Let's go.
Starting with a revelatory poetry collection that still has me under its spell. @YesAurielle
’s debut “explores race, gender, desire, & violence in the lives of Black gxrls” with raw power & truth, and does exquisite, breathtaking things w/language.

bookshop.org/books/gumbo-ya…
Day two, @austinchanning’s I’m Still Here, an essential, moving memoir about claiming agency & selfhood while moving through majority white spaces (many of which claim to be diverse! And inclusive! And yet!) bookshop.org/books/i-m-stil…
Read 6 tweets
In 2004, wangari Maathai was the first African woman to win a Nobel peace prize.

She was also the first woman in East and Central Africa to receive a PhD.

She was a trailblazer who fought for the environment and connected conservation to people's livelihood.
#BHM
@JoDivaRunner Image
Wangari Maathai was such a strong & independent woman that her husband filed for divorce citing she was " too strong minded for a woman" and he was " unable to control her"

After the divorce he wanted her to stop using his name so she changed it from mathai to Maathai💅🏽

#BHM Image
In 1977, Maathai founded the Green Belt Movement, an environmental organisation focused on the planting of trees, environmental conservation, and women's rights.

As a professor at the university of Nairobi, she advocated for Equal Pay. She was a woman ahead of her time.
#BHM Image
Read 7 tweets
Lois Mailou Jones Art Appreciation 🧵
Initiation, Liberia, 1983
#BlackArt #BHM
Lois Mailou Jones
Portrait of Hudson, 1932
#BlackArt
Lois Mailou Jones
Arreau, Hautes-Pyrénées, 1949
#BlackArt
Read 26 tweets
Rosewood, FL was a thriving town with a bustling economy. The population was 95% Black & most of its residents owned their own homes & businesses.

That was until a white woman got beaten by her extramarital lover & told the town it was a “n*gger” to hide it from her husband #BHM
Fannie Taylor — the white woman — lived in Sumner.

A white town that was a few miles from Rosewood.

In Gainesville — which was 48 miles away — the Klan was holding its biggest rally ever in that city.

500 people attended.
Fannie’s husband gathered an angry mob of whites from Sumner, enlisted many of the Klan rally attendees from Gainesville and whipped them up into a frenzy.

They were told of a black man named “Jesse Hunter” who’d escaped prison & were convinced he was being hidden in Rosewood.
Read 18 tweets
This Black History Month let’s see if I can share 28 of my favorite living black artists!

I’m a start with @asieybarbie, self taught concept & character artist whose glossy depictions of black women as super heroes, extraterrestrial beauties and just bossy has always drawn me ImageImage
Jvzmina was on my list of black artists to celebrate this month, but we’re doing it today because I love this post she made ⬇️ featuring a bunch of her art. It has honestly been love at first sight, as her beautiful portraits, concept artwork (1/2)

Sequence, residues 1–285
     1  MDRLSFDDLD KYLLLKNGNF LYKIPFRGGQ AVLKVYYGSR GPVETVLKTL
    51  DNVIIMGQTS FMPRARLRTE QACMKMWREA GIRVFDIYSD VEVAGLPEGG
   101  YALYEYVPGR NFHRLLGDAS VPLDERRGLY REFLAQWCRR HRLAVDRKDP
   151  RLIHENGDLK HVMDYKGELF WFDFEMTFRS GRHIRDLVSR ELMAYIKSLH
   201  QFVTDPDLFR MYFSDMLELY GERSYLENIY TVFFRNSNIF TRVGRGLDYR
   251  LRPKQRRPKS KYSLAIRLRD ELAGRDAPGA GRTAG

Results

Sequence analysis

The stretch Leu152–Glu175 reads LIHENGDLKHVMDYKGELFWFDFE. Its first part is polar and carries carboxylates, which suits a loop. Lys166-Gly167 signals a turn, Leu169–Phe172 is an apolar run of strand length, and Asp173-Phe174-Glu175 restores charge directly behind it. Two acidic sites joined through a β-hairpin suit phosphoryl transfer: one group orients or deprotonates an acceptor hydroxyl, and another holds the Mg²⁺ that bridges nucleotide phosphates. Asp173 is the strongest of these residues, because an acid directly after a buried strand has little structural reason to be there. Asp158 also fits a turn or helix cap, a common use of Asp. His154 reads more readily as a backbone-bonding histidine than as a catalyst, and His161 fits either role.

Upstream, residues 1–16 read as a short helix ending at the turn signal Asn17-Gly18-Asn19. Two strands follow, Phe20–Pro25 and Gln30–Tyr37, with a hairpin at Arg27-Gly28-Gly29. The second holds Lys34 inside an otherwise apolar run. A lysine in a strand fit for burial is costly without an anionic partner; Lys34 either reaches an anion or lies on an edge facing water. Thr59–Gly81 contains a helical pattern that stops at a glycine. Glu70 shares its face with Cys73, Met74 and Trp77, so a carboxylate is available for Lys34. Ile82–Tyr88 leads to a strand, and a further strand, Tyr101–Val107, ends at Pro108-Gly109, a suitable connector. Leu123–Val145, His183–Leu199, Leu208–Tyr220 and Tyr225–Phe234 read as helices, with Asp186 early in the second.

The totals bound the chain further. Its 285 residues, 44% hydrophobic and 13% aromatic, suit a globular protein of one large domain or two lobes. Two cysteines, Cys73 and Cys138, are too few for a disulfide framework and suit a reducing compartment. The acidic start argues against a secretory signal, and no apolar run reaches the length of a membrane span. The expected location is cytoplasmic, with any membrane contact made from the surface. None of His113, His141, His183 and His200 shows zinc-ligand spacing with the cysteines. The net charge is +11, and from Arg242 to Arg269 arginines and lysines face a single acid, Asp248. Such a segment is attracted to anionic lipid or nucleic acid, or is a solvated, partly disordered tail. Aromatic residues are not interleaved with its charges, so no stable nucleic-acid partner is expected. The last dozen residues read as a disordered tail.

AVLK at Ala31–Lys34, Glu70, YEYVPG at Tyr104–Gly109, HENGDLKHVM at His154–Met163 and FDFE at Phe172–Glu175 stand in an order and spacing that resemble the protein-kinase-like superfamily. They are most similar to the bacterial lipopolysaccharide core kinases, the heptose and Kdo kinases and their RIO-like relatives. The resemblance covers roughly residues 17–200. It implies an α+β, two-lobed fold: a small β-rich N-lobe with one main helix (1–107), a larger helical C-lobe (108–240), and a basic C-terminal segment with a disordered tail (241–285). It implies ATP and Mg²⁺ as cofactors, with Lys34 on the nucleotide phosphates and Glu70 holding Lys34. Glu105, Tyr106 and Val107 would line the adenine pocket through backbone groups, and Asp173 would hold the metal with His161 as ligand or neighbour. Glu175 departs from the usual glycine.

And fan art always go beyond the boundary of the “category” they might fall in. With an eye for color and texture, attention to emotion and mood, jvzmina’s work is in a world of Its own (2/2)
Read 36 tweets
NEWS: On the first day of Black History Month, former Miami Dolphins head coach Brian Flores has filed a race discrimination class action to shine a light on the racial injustices that take place inside the @NFL.

Read it here: bit.ly/3GhRFjl

#NFL #BlackHistoryMonth
Nearly 20 years ago, the NFL adopted the Rooney Rule to address the lack of Black head coaches in the league.

The rule requires NFL teams to interview diverse candidates for vacant head coach, general manager, coordinator & other senior roles.

It hasn't worked.
Roughly 70% of @NFL players are Black. Meanwhile, out of 32 teams:

-Not a single team has a Black owner

-Only one team (3%) has a Black head coach

-Three teams (9%) have a Black QB coach

-Four teams (12%) have a Black offensive coordinator

-Six teams (19%) have a Black GM
Read 7 tweets
When you control a man's thinking you do not have to worry about his actions. The mere imparting of information is not education. If a race has no history … no worthwhile tradition, it becomes a negligible factor in the thought of the world & stands in danger... Carter G Woodson
Why Black History Month?

In 1929, Carter G. Woodson started “Negro History Week” to combat the whitewashing of education, what he called “mis-education” of Americans meant to support the racial caste system that had been in place for centuries.
#BlackHistoryMonth
It is often forgotten that BHM was created because American history books erased Black people. The myth of White supremacy, firmly rooted in American imagination (see: Manifest Destiny, The Cornerstone Speech, Curse of Ham, etc.) demanded it. #BlackHistoryMonth
Read 6 tweets
Happy first day of #BlackHistoryMonth! To celebrate, we'll periodically take time to honor the brilliant Black minds that have contributed to our field over the years. A thread: Image
First up in our series: @6Gems, who founded @BlackGirlsCode after noticing the severe underrepresentation of minorities in the startup world. Bryant's nonprofit has enabled many young black girls to create meaningful work & go on to become leaders in their communities. #BHM2022 Image
@6Gems @BlackGirlsCode Katherine Johnson was a human computer whose calculations were essential to @NASA's Project Mercury, Apollo 11, and more. When the space program switched to digital computers, Johnson helped confirm the accuracy of their calculations. Image
Read 26 tweets